Quiet weekend and start to next week with a chunky NE swell on the radar for mid next week
Sydney Hunter Illawarra Surf Forecast by Steve Shearer (issued Fri 16th Sep)
Forecast Summary (tl;dr)
- NE windswell Fri with winds clocking NW through the day
- Tiny weekend ahead- Sat marginally bigger with small NE swell, with offshore winds both days
- Looking very quiet Mon-Tues, small S swell signal at S swell magnets, tiny elsewhere
- Chunky NE windswell building Wed, possibly becoming sizey Thurs/Fri- low confidence on specifics, check back Mon for details
Mostly SSE swell through yesterday, the last gasp of the current swell regime, with size to 2-3ft, bigger 3ft on the Hunter. Winds were lighter N’ly than forecast, with speeds suppressed by a coastal trough which brought rain. That system has moved offshore overnight leaving a sunny day with NW winds and a fun-sized NE swell in the 3ft+ range, slightly bigger 3-4ft on the Hunter. The weekend is still looking very quiet, details below.
This weekend (Sep 17-18)
Still, no major change to the weekend f/cast. A complex low linked to multiple troughs and cold fronts is now approaching from SW of Tasmania. A main coastal trough linked to an Indian Ocean NW cloud band is clearing the area with a mostly offshore flow across the weekend and no major swell sources on tap.
Expect a continuing N’ly element to winds through Sat morning, NW at first, then easing through lunch-time before a new surge in W/NW winds in the a’noon as the next front pushes through. Lingering NE-E/NE winds through the Tasman will hold a NE swell in the 2ft range, possibly a few 2-3ft sets across well exposed beaches, before easing back in the a’noon. There’ll be some fun, small wave options around.
Nothing much happening Sunday, just small traces of leftover NE swell, a tiny signal of background E swell, all in the 1 to occasional 1.5ft range under brisk offshore winds. If you can find a shallow sandbar you may find a rideable wave but bring the appropriate board for the tiny surf on hand. Fishing and diving gear may be more appropriate.
Next week (Sep 19 onwards)
Bit more action on the radar for next week, after a slow start. It’s a complex, troughy brew to start the new week. Weak high pressure will be over interior NSW with the remnants of the complex low still making it’s way into the Tasman. That will see continuing NW to W winds and tiny surf.
A trough line extends off the coast Tues, leading to light/variable winds with continuing small surf, mostly small S swell from weak frontal activity pushing into the lower Tasman. Winds look light so we’re not expecting any size- just a 1-2ft swell at S swell magnets, negligible elsewhere.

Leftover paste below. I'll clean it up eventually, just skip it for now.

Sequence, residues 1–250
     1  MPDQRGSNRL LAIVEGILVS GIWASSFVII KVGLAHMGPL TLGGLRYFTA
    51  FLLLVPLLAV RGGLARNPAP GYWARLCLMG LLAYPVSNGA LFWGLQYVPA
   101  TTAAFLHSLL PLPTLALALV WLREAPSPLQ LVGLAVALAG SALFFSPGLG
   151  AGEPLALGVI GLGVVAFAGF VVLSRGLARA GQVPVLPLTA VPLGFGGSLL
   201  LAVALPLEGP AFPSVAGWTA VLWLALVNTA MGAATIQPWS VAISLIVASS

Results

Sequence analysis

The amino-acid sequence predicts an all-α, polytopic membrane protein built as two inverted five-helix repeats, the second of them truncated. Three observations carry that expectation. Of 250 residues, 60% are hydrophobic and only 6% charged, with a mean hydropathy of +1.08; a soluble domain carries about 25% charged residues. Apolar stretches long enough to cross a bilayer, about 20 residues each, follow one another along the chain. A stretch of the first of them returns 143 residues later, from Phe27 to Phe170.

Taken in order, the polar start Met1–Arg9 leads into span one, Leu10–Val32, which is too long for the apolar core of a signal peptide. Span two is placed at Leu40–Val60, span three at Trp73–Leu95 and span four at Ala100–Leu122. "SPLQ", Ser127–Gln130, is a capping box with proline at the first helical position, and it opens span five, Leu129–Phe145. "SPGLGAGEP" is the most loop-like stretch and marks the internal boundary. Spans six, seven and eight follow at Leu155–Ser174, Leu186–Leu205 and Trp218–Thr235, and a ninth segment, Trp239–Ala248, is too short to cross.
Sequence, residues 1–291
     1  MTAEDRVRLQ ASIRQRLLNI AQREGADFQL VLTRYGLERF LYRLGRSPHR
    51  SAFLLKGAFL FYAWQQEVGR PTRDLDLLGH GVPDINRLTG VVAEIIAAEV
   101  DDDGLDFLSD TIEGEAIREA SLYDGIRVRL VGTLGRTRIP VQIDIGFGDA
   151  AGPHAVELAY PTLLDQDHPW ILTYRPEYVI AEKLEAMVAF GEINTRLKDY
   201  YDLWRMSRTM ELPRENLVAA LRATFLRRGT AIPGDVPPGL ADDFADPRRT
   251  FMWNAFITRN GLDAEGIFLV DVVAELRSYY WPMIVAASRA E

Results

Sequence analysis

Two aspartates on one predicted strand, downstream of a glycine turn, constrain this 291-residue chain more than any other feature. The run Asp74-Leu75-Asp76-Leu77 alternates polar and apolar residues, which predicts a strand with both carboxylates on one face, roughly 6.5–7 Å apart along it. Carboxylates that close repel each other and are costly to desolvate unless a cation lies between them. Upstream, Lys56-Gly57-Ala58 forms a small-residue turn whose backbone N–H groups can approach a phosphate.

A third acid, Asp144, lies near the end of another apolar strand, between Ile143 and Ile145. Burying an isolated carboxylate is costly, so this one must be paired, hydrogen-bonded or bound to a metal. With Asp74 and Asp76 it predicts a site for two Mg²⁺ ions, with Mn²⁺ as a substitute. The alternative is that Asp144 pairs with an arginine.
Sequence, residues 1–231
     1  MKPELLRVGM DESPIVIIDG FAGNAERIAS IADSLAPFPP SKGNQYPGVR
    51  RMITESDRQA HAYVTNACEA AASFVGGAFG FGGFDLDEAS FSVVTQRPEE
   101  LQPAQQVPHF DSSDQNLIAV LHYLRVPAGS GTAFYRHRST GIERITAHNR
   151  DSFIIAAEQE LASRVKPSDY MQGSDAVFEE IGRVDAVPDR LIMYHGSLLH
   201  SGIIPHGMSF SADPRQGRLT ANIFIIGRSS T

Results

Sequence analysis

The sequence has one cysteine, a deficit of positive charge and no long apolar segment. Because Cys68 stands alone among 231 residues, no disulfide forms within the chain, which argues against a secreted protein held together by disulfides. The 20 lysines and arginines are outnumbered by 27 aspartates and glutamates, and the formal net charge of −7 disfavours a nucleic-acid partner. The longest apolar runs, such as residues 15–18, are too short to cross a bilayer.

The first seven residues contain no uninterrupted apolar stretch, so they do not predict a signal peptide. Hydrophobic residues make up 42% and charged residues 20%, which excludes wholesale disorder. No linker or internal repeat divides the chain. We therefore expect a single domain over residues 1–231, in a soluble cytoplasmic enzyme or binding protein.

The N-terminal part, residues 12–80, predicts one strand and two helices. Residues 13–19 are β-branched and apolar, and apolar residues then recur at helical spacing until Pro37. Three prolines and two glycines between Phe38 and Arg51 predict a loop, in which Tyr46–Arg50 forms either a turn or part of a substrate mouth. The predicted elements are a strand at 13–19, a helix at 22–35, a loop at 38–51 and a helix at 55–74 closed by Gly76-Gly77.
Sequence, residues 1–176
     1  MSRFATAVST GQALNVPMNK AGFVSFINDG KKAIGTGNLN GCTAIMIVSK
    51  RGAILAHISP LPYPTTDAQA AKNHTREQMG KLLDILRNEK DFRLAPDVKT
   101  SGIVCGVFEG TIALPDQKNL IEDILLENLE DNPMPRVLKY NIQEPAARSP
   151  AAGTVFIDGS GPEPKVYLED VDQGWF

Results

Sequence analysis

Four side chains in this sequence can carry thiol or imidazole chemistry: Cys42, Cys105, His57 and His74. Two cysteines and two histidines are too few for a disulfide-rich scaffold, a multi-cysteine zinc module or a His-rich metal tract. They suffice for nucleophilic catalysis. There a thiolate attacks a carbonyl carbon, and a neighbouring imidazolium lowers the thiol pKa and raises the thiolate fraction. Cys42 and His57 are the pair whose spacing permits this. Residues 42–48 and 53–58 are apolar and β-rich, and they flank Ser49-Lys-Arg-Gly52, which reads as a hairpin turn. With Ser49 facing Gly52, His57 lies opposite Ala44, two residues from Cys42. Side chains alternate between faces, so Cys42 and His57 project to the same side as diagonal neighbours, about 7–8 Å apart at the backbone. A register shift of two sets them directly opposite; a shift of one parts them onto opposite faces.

By Wed things start to look juicier. One of the inland troughs starts to coalesce into an inland low, as an upper trough moves into the area. That energises the NE infeed as high pressure drifts into the Tasman (see below).
Expect an increasing NE wind through Wed, with a corresponding build in NE windswell, likely up into the 2-3ft range.
A further increase is expected Thurs, as winds continue to intensify into the trough.
We’ll need to keep a fair amount of wriggle room here due to the enhanced instability. EC, in fact, develops a small closed low off the Hunter Coast on current runs, which would see a strong boost in E/SE swell in addition to NE swell through Thurs/Fri.
It’s likely the trough or low will clear the coast Fri and move away, bringing an offshore flow to the end of the week, with surf easing into next weekend.
Troughiness also extends into the South Pacific and we’ll be watching the development of a possible low NE of the North Island late next week. Models are shifting around on this and it’s still a bit dicey how much of the fetch will be in the swell window, versus being shadowed by the North Island. It’s a better aimed source for the sub-tropics, but we’ll flag it for now, as a potential source of long range E swell possibly late next weekend or early week beginning 26/9.
In the mean time the incredible amount of troughiness across the Island continent, and extending into the Tasman and South Pacific means low confidence in synoptic outcomes- there is simply too much atmospheric instability for models to deal with on medium scale time horizons.
The upshot is, it’s likely we’ll see significant revisions come Mon, so check back then for the latest .
Until then, have a great weekend!